A Fire Upon the Deep by Vernor Vinge tied with Doomsday Book by Connie Willis as the winner of the Hugo Award in 1993. (Coincidentally, The Book Smugglers just reviewed Doomsday Book today if you want to read about the other Hugo winner for the year.) It was also nominated for several other awards such as the Nebula Award, the Campbell Award, and the Locus SF Award. There is a prequel to this science fiction novel called A Deepness in the Sky that also won quite a few awards for speculative fiction books, including the Hugo Award. In October of this year the sequel, Children of the Sky, will be released nearly 20 years after A Fire Upon the Deep first came out. In anticipation of the sequel, A Fire Upon the Deep will be re-released in trade paperback in August, and it is easy to find in mass market paperback now (it is also available as an e-book, but if you glance through review headlines on Amazon it appears that the Kindle edition at least leaves something to be desired).
Even though the description below is quite possibly the longest plot description I have ever written, A Fire Upon the Deep is a complicated book and what’s below only talks about the setup for the main plot and the two different subplots. However, if you’re afraid of spoilers skip past the horizontal line.
The story begins with a discovery that drives the rest of the plot – an ancient archive brimming with secret knowledge. Those who found it moved themselves and their families in order to study it further, with hopes of becoming knowledgeable and rich. In the process, they awaken a sentient being that attempts to keep the humans in the dark about its existence. However, the archivists soon came to suspect they are in danger and prepare to leave under the pretense that it’s just a perfectly normal departure. One ship is destroyed by this new Power they helped create, but another ship containing the children manages to escape.
While most of the kids remain oblivious in a state of coldsleep, Jefri and Johanna Olsndot are awakened by their parents, the ship’s pilots. They are going to try landing on a planet, but they want to be together one last time just in case it doesn’t work. The landing is successful, but the Olsndots are attacked by the local inhabitants, intelligent, doglike creatures each made up of 4 or more single entities sharing a group mind. Jefri and Johanna’s parents are killed in the skirmish, Johanna is injured, and both Jefri and Johanna are taken prisoner by the natives. While this is taking place, two travelers, Peregrine and Scriber, watch the attack from afar and see that Johanna is wounded but still alive. The two rescue the girl, bringing her to the settlement of Woodcarver, who is in opposition to the group who found the humans (the Flenserists).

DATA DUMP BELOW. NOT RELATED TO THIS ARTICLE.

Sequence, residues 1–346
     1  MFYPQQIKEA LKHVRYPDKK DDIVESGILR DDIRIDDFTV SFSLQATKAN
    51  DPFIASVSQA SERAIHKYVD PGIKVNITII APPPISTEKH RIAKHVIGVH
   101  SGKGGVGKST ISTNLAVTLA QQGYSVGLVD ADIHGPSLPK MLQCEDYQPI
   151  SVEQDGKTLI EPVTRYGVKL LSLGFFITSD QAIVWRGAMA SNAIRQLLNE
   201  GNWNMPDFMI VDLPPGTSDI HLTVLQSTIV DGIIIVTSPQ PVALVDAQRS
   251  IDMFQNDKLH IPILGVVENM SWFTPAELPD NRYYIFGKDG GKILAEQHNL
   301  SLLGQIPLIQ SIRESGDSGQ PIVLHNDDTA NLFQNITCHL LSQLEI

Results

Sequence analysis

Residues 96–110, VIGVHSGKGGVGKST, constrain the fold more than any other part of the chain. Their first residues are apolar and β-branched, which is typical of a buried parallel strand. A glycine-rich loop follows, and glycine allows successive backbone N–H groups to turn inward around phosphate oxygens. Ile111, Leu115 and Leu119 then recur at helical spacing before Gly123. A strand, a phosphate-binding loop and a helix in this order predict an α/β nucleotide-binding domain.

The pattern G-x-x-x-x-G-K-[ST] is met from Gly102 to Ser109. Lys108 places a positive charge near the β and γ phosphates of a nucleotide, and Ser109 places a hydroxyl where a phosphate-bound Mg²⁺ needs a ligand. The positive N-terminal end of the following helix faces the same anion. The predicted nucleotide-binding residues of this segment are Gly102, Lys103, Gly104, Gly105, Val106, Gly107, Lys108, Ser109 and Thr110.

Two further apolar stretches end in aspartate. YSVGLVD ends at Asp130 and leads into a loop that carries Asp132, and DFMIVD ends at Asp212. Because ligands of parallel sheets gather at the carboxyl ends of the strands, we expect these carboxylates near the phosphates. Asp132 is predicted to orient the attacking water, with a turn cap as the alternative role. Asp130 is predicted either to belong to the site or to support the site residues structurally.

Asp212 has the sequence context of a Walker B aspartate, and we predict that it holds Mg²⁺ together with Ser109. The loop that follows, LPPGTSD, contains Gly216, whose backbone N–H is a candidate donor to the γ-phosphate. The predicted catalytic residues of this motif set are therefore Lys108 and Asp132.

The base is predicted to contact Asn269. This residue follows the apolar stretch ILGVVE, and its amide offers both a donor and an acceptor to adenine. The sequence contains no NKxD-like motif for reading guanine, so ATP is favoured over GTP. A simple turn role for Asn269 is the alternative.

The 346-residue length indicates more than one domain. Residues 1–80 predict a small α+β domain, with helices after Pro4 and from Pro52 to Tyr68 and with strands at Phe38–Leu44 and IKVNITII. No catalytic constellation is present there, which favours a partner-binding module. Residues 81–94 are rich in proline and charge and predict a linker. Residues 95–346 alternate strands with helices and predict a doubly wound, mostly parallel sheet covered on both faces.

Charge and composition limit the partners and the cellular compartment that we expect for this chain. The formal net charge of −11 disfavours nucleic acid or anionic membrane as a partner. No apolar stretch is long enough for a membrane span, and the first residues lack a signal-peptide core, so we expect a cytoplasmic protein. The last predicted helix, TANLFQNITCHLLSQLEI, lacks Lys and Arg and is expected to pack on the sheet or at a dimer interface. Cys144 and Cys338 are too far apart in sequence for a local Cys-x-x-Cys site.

Jefri remains with the Flenserists where he befriends Amdi, a young alien who is highly intelligent and quickly learns Jefri’s language. The current leader, known to Jefri as Mr. Steel, tells him through Amdi that his sister is dead along with the rest of his family. Furthermore, he manipulates Jefri and Amdi toward his own ends – mainly learning about the human’s technology so he can use it against Woodcarver.
In the meantime, the Blight (the name given to the Power the Olsndot family haplessly brought about) wreaks havoc across the galaxy. Ravna Bergsndot, a young librarian far from home, begins talking to Jefri once they receive a signal from his ship. She, two plant-like aliens, and a long dead human conglomerate resurrected by a Power set out to bring Jefri home – and hope to discover the knowledge necessary to save the galaxy from the spreading Blight.
A Fire Upon the Deep is vast, epic space opera with a wide cast of characters, some intriguing alien cultures, space travel, and an underlying galactic mythology that pulls all the plot pieces together. It’s the type of science fiction that I get a little nervous about reading since I expect it to be dry and dull, but I was actually very surprised by just how much I enjoyed it. Overall, it was a fascinating story that made me want to read both the prequel and the sequel (sometime when I have a lot of spare time, though, because this took a long time to read and digest).